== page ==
Suns introduce GM Ryan McDonough, who says his first order of business is to hire a new head coach

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PHOENIX — The Suns held their introductory press conference to introduce new general manager Ryan McDonough on Thursday, who made it clear that cementing a strong candidate in the team’s head coaching position was the highest of priorities.

Lindsey Hunter was placed into the interim role after Phoenix parted ways with Alvin Gentry 41 games into the season, and was underwhelming in finishing the year with a 12-29 record.

No decision has yet been made on Hunter’s status. But the way McDonough was speaking about the search planned to fill the head coaching chair for next season would lead you to believe that the team will look high and low elsewhere for a more solid long-term solution.

“I’m going to spearhead that process, and the process has already begun,” McDonough said. “That was part of my interview with [team owner Robert Sarver and president of basketball operations Lon Babby]. We discussed potential coaching candidates, and who we thought would be good fits, and we were in alignment on a lot of the names — most of the names.

“So we have an initial list to go off of. We’ve received a good amount of interest from people all over the basketball world who want to be the coach of this storied franchise, and they see a great opportunity here. That’s my first order of business as the general manager, to find the best guy for that job.”

When talking about lists of names of potential candidates, that wouldn’t appear to bode well for the chances of an interim head coach retaining the spot for next season.

But when asked if it was fair to say that Hunter’s name might be further down on his list, McDonough wasn’t ready to publicly declare Hunter as out of the running just yet.

“No, I don’t think that’s fair to say,” McDonough said. “We will meet with Lindsey. I don’t know him that well personally, but I’ve heard good things about Lindsey’s character, and his toughness, and his work ethic. So Lindsey is a candidate. I know he’s interviewing for jobs elsewhere, but he’s a candidate for us as well, and we’re going to go into it with an open mind and consider all the top guys. And Lindsey is one of the top guys.”

McDonough then went on to describe the qualities he and the organization will look for in its next head coach.

“I think the most important thing to find in our head coach, the next head coach of the Suns is someone who’s a leader,” he said. “We need someone who commands the respect of the players, commands the respect of the entire organization. We also need someone who’s a teacher, who can help our young players to develop and get better and maximize their individual talent. So the list that Lon and Robert and I have compiled, all the guys on that list have those characteristics, and I’m confident we’re going to get somebody really good.”

Again, that simply doesn’t sound like Hunter. And that’s to be expected.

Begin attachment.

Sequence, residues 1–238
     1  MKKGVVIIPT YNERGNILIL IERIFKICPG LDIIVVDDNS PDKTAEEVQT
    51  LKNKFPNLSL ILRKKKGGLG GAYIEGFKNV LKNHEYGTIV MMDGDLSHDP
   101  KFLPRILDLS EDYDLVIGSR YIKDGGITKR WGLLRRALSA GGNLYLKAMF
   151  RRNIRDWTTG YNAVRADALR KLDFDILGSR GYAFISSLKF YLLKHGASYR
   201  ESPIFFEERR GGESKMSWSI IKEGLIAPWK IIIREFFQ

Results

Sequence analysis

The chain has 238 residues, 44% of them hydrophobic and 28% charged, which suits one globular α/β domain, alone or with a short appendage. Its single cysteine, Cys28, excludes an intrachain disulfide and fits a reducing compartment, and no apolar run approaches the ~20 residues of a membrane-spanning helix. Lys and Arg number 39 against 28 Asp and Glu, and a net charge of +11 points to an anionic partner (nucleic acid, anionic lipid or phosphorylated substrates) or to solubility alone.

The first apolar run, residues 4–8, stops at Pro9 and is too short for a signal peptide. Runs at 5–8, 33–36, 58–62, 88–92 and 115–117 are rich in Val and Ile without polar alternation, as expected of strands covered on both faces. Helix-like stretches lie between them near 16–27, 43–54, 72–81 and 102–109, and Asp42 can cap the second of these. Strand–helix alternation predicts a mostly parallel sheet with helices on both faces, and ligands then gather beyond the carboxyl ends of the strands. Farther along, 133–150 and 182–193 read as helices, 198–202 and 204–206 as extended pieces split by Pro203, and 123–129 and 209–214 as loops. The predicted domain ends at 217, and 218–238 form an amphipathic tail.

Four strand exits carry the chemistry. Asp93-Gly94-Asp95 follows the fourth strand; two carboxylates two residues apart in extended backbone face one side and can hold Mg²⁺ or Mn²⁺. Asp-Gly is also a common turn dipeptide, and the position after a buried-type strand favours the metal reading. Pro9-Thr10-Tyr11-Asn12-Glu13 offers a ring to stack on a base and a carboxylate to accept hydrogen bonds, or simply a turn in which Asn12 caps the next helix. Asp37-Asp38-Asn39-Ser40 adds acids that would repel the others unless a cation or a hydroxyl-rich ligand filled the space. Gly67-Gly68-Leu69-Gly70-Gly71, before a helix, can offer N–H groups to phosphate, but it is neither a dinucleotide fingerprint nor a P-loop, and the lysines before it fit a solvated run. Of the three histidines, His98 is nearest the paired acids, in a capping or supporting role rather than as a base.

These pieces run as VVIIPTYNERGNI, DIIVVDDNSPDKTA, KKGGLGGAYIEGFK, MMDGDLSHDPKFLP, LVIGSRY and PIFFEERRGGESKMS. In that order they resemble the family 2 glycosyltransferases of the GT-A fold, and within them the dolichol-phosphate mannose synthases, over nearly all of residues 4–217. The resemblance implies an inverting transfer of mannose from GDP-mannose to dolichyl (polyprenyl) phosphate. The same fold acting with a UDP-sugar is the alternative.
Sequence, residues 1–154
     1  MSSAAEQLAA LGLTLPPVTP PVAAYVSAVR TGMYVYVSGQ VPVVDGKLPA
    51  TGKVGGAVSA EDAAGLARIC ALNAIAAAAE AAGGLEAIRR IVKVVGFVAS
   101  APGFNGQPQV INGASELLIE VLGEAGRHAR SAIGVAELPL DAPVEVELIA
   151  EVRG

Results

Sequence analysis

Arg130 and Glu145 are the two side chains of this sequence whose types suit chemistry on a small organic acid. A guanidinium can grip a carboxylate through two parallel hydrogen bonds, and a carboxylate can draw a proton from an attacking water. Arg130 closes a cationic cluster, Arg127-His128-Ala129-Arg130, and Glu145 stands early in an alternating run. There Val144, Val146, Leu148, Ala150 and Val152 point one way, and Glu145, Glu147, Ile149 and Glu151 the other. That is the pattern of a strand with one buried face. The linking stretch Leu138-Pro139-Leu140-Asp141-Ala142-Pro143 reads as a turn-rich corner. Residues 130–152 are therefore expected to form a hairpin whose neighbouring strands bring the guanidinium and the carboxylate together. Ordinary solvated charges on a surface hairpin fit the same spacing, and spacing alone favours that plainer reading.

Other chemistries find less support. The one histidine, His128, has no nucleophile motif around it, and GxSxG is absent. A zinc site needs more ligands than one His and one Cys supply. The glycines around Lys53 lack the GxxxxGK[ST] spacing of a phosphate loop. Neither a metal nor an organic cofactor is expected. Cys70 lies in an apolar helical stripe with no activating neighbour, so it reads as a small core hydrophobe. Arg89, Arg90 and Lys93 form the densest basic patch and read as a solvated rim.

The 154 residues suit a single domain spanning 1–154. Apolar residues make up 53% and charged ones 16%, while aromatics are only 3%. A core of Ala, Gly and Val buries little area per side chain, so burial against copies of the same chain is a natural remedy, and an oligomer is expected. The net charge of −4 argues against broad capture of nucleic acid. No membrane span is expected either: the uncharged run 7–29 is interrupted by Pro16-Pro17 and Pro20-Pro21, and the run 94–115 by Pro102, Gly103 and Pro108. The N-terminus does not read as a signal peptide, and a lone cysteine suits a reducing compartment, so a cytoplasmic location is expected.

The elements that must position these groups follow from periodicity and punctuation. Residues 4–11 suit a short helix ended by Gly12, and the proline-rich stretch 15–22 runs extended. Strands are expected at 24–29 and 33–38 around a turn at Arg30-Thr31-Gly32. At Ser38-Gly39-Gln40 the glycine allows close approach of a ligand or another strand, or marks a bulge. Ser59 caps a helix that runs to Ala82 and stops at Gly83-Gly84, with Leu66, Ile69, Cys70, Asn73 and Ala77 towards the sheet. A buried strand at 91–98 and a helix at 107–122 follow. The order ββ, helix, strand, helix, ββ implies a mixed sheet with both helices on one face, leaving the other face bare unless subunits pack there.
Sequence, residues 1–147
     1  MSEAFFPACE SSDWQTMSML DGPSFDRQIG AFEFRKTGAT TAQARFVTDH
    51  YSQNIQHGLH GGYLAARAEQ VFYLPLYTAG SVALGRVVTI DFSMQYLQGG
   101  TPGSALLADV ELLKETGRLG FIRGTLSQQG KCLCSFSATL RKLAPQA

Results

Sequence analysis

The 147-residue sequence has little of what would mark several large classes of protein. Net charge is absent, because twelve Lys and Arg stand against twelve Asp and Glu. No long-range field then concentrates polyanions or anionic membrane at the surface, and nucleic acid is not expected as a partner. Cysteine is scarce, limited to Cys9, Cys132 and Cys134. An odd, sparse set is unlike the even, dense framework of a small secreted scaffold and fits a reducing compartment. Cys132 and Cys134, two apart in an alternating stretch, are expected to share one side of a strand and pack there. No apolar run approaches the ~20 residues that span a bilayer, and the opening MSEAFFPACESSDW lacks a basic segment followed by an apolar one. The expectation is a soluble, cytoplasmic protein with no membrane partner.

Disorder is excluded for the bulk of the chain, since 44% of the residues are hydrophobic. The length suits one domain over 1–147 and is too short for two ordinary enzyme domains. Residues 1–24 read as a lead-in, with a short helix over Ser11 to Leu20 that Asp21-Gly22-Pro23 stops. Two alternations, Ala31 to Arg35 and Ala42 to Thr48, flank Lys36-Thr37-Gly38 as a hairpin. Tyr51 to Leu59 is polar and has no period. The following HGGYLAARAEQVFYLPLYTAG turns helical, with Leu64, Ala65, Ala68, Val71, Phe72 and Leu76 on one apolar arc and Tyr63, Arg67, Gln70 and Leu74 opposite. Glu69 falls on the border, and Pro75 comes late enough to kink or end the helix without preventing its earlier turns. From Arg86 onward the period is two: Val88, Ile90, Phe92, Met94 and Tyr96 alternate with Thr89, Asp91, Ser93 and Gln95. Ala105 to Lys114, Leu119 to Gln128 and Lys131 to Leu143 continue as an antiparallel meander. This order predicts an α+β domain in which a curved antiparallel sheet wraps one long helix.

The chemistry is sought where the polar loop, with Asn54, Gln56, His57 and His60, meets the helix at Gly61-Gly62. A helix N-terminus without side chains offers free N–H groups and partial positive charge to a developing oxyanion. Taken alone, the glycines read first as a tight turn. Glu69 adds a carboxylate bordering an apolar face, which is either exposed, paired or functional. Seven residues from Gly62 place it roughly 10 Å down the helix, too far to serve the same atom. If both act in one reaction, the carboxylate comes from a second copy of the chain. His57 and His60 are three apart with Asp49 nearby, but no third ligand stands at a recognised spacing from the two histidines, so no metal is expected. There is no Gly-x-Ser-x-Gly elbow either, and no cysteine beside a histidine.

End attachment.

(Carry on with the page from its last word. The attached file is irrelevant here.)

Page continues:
Hunter was a favorite of the team’s previous general manager, Lance Blanks, and was awarded the role without having any prior coaching experience at any level. It’s not uncommon for a new GM to want to hand pick the head coach he’ll work with during his tenure, and that’s especially true in a situation like the one in Phoenix that will require multiple years to rebuild the franchise to a respectable level of success.

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A few other notable quotes:

– McDonough said he expects his philosophy to be very similar to the one of Danny Ainge, who he learned the job from in Boston.

“Danny Ainge is probably my professional mentor,” he said. “I think my philosophy will be the same. In Boston, one of the things Danny did so well, he was very aggressive in acquiring draft picks and trying to get the best players through whatever means necessary. One of the things that I learned from Danny Ainge is to be unafraid, and that not very move is going to be perfect. I’ll probably make some mistakes. But if you’re willing to work at it, and correct some of those mistakes — and again, if you’re unafraid — then that can lead to some great results.”

– McDonough stressed the importance of the draft — an area which hasn’t exactly been a strength of the Suns franchise at any time in the recent past.

“I would say that generally, you have to draft well — that’s the life blood of your franchise. That’s how you’ll have sustainable success over the years. Now that being said, if a great player wants to come play for the Phoenix Suns next year, and we have the space to get him, we have the ability to get him, then we’re going to go get him.”

– McDonough is a big proponent of using analytics, and will make sure everyone he brings on board will similarly understand the value of them — including the team’s next head coach.

“I think understanding the value of analytics is important for everyone in a basketball operation,” he said. “The college scouts need to understand it, and we need to develop a great model where we can study guys in the past and see which stats have translated into NBA success, and maybe which ones have not.